San Telmo and the city’s historic district have their protected areas. Some are more protected than others, But protected from what? Not everyone knows, and not everything occurs in the open. There are beautiful houses, stately properties, which are secretly falling to pieces and are ripe for replacement by the next hotel or apartment complex. The new building might clash with its surroundings, and sometimes will turn out to be as distasteful as café con leche with onion.
There’s the case of the classic tenements, the conventillos, from which residents are evicted in order to transform them into tourist attractions. For a high admission, tourists, in good faith, can hear the story of what the place used to be like … “before” Many years ago? No. Perhaps only two months before, but that part of the story isn’t shared with the tourists, who look at the exhibited photographs with travelers’ smiles and leave feeling impressed. What they don’t know is that not long before, tear gas filled the same hallways with the excuse of cleaning up the neighborhood. Then again, the neighborhood looks dirtier than ever these days.
By now few people remember when the first design store on Defensa Street was being squeezed out by others who wanted the street to focus exclusively on its more “traditional” retail trades. That store overcame the feud and remains on Defensa, but it’s an expensive place.
How would the rent be paid if it wasn’t?
Now, what will happen when that same rent is demanded from the shoe store run near Parque Lezama, or from the white-washing business, or the hardware store, or the vegetable stall with fresh basil on the sidewalk?
San Telmo seems increasingly like a big “for sale” sign. One might even say San Telmo is selling out. This is a magical and extraordinary neighborhood in which many people want to be, live, study, shop, feel. All that’s missing is a well thought out plan of coexistence that can balance the need to generate income from tourism, the need to value and respect the tourist, with the need to value and respect those who ensure that this neighborhood is visited in the first place.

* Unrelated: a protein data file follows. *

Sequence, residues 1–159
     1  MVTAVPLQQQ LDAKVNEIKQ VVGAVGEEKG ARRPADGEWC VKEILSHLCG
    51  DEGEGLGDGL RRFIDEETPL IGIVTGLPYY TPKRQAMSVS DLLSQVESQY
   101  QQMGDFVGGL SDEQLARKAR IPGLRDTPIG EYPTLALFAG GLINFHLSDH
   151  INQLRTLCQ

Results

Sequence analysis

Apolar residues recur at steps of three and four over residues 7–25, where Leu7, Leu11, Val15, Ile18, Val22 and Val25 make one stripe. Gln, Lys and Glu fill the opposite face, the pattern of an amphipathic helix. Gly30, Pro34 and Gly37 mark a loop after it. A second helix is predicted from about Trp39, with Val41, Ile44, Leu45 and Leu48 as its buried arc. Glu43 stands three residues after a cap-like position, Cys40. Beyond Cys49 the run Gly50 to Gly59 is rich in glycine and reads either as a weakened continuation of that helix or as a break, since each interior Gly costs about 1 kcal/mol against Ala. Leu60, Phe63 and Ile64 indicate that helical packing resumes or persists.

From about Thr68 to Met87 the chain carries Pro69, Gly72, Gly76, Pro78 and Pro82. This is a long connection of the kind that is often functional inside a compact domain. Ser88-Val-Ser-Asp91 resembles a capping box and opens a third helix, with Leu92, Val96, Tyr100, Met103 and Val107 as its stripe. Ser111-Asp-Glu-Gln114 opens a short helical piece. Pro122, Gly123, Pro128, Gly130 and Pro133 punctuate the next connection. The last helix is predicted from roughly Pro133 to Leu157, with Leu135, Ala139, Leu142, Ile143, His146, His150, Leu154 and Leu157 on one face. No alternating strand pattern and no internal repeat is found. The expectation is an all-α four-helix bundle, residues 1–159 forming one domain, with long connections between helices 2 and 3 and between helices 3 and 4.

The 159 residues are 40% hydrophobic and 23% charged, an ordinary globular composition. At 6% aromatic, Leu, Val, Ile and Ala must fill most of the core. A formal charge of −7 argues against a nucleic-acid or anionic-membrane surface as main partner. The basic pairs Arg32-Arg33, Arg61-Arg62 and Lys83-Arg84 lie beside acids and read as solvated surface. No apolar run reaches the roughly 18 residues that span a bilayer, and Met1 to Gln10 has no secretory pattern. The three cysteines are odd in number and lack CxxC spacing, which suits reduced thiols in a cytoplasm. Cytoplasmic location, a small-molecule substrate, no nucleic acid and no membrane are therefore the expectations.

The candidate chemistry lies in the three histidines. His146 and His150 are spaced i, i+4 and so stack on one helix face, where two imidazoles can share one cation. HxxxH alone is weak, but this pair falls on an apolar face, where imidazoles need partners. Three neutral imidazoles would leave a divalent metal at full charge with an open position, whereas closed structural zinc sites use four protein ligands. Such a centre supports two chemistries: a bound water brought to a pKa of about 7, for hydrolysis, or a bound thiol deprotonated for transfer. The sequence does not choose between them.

It’s a thin line, but great strategists know how to strike such a balance and live their lives accordingly. This thin line runs through everything in San Telmo. It runs through Cairoli’s Corner Market, which is loved because one can shop there on credit, dutifully registered in an account book. Cairoli’s is part of what locals and tourists call “the soul and magic of this place.”
But other things undermine the survival of Cairoli’s; like an attitude that is shortsighted and narrow. It doesn’t recognize that if progress becomes an arbitrary bulldozer, then eventually there will be no tourism, no neighborhood, and no historic district, not even for those who are raking in the money today.
If the tourist doesn’t receive meaningful information, if they do not learn the real history of a place, they leave empty-handed, fooled. They can’t choose between what is real and what is not, and this amounts to a lack of respect toward the visitor. If it happens too often, San Telmo could eventually become a shuttered neighborhood with “for rent” signs everywhere, filled with disillusionment and unrealized business dreams. It would be all that remains after an exodus not only of permanent residents, but of tourists too.
San Telmo and our historic district can survive and thrive, but the laws and norms must be followed, and every person who passes through or inhabits the area must love it, feel it, and based on that feeling build everything that makes the community what it is: aesthetics, life, arquitecture.
The most daring design and contemporary fashion can coexist with the traditional seamstress. The point is not to place them in opposition but provide them with tools for a harmonious coexistence. To place them in a useless rivalry is to lose the most beautiful thing we possess. It’s a sure way to transform San Telmo into a stage set. A stage set that might as well be anywhere in the world, neither here nor there.
—Nora Palancio Zapiola